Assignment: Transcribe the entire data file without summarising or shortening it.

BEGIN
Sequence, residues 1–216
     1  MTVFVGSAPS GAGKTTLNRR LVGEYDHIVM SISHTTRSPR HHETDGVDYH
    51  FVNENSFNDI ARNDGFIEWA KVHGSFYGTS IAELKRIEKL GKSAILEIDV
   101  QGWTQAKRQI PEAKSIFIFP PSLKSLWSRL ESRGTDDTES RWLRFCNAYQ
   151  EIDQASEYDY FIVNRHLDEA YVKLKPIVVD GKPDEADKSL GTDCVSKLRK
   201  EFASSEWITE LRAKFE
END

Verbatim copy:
Sequence, residues 1–216
     1  MTVFVGSAPS GAGKTTLNRR LVGEYDHIVM SISHTTRSPR HHETDGVDYH
    51  FVNENSFNDI ARNDGFIEWA KVHGSFYGTS IAELKRIEKL GKSAILEIDV
   101  QGWTQAKRQI PEAKSIFIFP PSLKSLWSRL ESRGTDDTES RWLRFCNAYQ
   151  EIDQASEYDY FIVNRHLDEA YVKLKPIVVD GKPDEADKSL GTDCVSKLRK
   201  EFASSEWITE LRAKFE